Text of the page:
"There are 1.5 million people living in Gaza and only one of them really needs humanitarian aid,” Defense Minister Ehud Barak said to the Knesset on Monday. “Only one of them is locked in a tiny room and never sees the light of day, only one of them is not allowed visits and is in uncertain health – his name is Gilad Shalit, and this month four years will have passed since he was kidnapped.”
IDF soldiers who seized control of Gaza-bound ships last week will not face questioning, the Defense Minister said. There have been calls to investigate the incident, which led to a clash between soldiers and armed attackers on board the boats in which nine people were killed.
"I insist that soldiers not be required to undergo an investigation... We don't plan to investigate soldiers in Hebrew or in English,” he said in response to no-confidence measures brought before the Knesset.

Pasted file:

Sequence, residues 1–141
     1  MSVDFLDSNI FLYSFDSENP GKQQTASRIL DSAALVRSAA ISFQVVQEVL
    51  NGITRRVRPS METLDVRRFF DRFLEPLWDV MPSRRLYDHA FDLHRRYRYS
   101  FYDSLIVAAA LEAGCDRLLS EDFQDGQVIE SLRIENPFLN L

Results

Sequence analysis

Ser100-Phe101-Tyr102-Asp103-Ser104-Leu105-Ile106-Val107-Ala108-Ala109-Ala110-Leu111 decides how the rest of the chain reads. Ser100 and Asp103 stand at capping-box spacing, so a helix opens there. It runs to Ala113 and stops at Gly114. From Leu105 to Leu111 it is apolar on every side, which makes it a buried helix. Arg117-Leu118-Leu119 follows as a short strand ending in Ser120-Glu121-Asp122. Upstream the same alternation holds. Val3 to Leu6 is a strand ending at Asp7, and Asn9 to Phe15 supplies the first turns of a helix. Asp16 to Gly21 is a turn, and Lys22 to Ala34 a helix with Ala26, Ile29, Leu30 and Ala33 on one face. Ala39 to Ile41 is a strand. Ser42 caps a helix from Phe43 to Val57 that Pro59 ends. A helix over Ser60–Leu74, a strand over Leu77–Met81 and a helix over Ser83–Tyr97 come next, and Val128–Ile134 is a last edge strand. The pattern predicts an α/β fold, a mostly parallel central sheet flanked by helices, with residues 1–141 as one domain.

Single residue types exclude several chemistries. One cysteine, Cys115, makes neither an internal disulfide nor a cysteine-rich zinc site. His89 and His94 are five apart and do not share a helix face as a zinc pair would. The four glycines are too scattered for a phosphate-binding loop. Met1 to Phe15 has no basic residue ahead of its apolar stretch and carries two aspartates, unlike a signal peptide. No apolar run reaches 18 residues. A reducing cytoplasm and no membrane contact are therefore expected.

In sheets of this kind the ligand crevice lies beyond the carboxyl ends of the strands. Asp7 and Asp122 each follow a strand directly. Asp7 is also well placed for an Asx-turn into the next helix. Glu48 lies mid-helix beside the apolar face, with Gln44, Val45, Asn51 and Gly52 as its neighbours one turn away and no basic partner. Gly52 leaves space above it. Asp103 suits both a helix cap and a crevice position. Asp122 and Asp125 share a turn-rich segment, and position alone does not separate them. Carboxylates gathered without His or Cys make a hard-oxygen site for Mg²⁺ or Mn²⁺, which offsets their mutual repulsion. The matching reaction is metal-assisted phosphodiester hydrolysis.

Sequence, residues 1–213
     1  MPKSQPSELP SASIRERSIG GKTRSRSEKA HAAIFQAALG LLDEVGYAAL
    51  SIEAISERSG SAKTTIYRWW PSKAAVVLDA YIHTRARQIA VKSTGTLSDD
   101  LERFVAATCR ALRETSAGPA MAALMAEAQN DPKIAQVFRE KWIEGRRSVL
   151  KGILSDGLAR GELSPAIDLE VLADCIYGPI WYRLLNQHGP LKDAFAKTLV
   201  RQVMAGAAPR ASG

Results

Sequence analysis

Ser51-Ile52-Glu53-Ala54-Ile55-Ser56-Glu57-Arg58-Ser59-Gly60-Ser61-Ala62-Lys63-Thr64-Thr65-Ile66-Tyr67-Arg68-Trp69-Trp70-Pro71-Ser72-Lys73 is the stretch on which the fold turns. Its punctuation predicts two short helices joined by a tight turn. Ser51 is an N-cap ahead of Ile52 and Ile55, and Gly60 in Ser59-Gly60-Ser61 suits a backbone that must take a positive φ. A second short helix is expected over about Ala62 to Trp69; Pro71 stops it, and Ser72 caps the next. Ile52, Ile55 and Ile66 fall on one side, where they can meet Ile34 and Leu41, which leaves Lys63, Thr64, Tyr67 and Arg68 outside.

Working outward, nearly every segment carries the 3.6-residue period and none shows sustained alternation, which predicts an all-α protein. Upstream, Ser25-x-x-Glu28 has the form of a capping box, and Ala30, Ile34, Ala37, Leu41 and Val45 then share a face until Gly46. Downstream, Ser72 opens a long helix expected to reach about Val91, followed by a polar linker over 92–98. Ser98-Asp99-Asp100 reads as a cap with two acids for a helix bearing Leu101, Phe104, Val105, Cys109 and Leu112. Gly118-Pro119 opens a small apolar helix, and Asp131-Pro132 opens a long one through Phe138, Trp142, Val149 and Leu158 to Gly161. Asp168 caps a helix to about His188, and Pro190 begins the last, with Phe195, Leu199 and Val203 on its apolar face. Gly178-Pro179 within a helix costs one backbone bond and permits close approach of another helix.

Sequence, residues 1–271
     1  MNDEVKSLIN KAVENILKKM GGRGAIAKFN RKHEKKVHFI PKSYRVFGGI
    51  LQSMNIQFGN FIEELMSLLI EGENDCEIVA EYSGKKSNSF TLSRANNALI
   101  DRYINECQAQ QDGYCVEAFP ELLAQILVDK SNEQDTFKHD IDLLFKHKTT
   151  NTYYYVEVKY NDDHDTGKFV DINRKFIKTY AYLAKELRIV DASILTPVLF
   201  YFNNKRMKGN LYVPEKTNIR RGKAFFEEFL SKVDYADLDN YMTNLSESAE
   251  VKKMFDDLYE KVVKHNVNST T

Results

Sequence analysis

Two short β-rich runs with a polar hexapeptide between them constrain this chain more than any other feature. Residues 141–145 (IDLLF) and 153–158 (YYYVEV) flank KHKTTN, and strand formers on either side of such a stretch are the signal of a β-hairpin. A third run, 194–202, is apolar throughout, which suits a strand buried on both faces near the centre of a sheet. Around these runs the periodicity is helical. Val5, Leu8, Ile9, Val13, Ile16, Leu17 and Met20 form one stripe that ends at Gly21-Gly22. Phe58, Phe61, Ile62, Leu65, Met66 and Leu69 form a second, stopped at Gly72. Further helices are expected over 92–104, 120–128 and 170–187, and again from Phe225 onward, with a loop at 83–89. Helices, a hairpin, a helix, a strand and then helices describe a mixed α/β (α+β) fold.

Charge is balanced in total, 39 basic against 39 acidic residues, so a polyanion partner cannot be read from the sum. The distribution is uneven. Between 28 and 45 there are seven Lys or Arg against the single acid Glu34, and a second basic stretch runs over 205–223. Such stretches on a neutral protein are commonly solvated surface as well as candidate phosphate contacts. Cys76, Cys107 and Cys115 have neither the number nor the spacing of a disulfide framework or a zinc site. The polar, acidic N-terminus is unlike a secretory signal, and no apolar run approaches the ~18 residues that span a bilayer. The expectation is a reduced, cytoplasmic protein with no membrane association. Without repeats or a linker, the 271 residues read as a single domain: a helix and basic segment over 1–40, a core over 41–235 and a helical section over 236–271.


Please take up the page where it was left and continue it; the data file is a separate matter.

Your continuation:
While individual soldiers will not face investigation, the incident as a whole should be looked into in order to assess IDF performance, Barak continued. By investigating IDF decisions, Israel is better prepared for future operations, he said.
The defense minister countered accusations that the navy was unprepared for the level of armed resistance it encountered aboard the ship Mavi Marmara. “We very rarely have all the information before beginning an operation,” he said. “No operation goes exactly as planned. This isn't the movies... The line between success and failure is very thin.”
Barak defended the IDF naval blockade on Gaza, and termed the sending of ships to Gaza “a provocative move, intended primarily to create a violent, deadly collision.”
The defense minister rejected claims that the Israeli blockade has caused a crisis in Gaza. “There's no humanitarian crisis in Gaza,” he stated.
IDF Commander in Chief Gabi Ashkenazi later announced the members of an internal IDF committee of experts who will investigate the operation to stop the "pacifist" flotilla.